In the week or so prior to the first day of Passover, my wife makes a trip to a supermarket about thirty minutes from our home. Sure, most supermarkets in urban areas stock an aisle with big boxes of matzoh, glass jars of gefilte fish and matzoh ball soup and a few shelves of Passover baking mixes that are just terrible enough to make one vow to just refrain from consuming any Passover cake the next year. The Shop Rite that Mrs P goes to has a rather large and varied selection of Passover foods not available in the average "let's accommodate the Jews for a week" section of our local Acme Market. The temporary Passover department is adjacent to the extensive Kosher section that opened to cater to a pocket of ultra-Orthodox Jews that reside nearby. Among the regular stock of kosher groceries is a packaged meat and cold cut display, many of which is clearly labeled "Kosher for Passover and Year Round Use." Bingo! That's the stuff! Mrs. P scooped up several packages of pastrami, corned beef and salami — all to be enjoyed by her and her meat-eating parents. I am a vegetarian. She filled her shopping cart with other Passover-certified items and headed to the checkout lane. When she got home, and began to unpack her purchases, she noticed that one package of corned beef was not vacuum-sealed, its contents a pale, sickly beige. It looked small and drawn as it sat awkwardly in its unnerving ballooned package. Mrs. Pincus frowned. She shuffled through the many plastic grocery store bags and located the receipt, making a mental note to return the meat after the holiday was over.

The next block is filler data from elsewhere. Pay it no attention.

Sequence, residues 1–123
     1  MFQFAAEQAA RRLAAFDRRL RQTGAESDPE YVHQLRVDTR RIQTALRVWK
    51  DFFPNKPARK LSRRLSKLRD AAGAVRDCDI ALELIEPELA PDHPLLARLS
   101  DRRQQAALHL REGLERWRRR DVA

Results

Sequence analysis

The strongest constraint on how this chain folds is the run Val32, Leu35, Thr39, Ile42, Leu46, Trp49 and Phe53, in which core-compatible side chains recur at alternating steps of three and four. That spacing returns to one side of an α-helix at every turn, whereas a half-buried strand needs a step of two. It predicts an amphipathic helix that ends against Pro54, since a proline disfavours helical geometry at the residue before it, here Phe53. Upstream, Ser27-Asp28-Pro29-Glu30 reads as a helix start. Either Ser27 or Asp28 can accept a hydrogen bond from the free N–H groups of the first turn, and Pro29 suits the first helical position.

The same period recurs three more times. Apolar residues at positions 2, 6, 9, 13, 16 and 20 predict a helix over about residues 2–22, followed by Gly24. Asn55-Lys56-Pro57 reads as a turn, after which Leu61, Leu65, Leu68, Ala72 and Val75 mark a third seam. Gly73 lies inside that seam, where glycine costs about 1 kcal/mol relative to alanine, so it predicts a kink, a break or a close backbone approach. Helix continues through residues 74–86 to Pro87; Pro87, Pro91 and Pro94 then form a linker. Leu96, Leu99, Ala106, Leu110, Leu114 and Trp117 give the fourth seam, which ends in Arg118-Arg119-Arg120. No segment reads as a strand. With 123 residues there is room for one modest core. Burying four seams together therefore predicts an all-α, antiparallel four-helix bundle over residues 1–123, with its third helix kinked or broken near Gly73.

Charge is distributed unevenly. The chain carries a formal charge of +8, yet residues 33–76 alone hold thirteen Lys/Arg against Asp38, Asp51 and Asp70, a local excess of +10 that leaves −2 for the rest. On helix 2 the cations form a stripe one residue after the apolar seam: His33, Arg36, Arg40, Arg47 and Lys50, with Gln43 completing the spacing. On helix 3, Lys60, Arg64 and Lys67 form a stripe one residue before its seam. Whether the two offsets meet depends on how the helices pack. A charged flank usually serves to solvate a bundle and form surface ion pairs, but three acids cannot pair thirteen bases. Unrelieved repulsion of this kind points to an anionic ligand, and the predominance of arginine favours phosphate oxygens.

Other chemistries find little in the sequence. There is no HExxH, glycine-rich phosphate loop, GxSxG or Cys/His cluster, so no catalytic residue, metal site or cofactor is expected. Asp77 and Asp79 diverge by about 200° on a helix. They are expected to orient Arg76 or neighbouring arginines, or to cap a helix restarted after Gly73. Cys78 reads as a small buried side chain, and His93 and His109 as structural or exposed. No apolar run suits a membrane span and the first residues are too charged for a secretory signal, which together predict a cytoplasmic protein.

Well, Passover finally ended. I think it may have even run a few days longer than usual. Anyway, after Mrs. Pincus got the kitchen back in order, she threw the suspect corned beef in a bag, grabbed the receipt and we headed out to the Greater Northeast, a misnomer that has attached itself to the far northern tip of the Philadelphia city limits, not far from where I grew up.